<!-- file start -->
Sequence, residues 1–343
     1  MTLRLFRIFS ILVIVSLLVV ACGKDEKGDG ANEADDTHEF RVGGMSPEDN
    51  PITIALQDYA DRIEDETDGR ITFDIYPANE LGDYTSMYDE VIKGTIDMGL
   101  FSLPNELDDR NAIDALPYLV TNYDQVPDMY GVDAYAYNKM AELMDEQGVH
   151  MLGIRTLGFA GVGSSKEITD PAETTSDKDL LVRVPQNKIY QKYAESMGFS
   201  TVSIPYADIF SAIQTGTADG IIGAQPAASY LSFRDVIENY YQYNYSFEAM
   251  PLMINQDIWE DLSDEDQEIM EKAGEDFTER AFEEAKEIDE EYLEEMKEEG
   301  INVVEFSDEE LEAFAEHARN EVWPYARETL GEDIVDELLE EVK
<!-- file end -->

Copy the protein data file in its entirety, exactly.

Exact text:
Sequence, residues 1–343
     1  MTLRLFRIFS ILVIVSLLVV ACGKDEKGDG ANEADDTHEF RVGGMSPEDN
    51  PITIALQDYA DRIEDETDGR ITFDIYPANE LGDYTSMYDE VIKGTIDMGL
   101  FSLPNELDDR NAIDALPYLV TNYDQVPDMY GVDAYAYNKM AELMDEQGVH
   151  MLGIRTLGFA GVGSSKEITD PAETTSDKDL LVRVPQNKIY QKYAESMGFS
   201  TVSIPYADIF SAIQTGTADG IIGAQPAASY LSFRDVIENY YQYNYSFEAM
   251  PLMINQDIWE DLSDEDQEIM EKAGEDFTER AFEEAKEIDE EYLEEMKEEG
   301  INVVEFSDEE LEAFAEHARN EVWPYARETL GEDIVDELLE EVK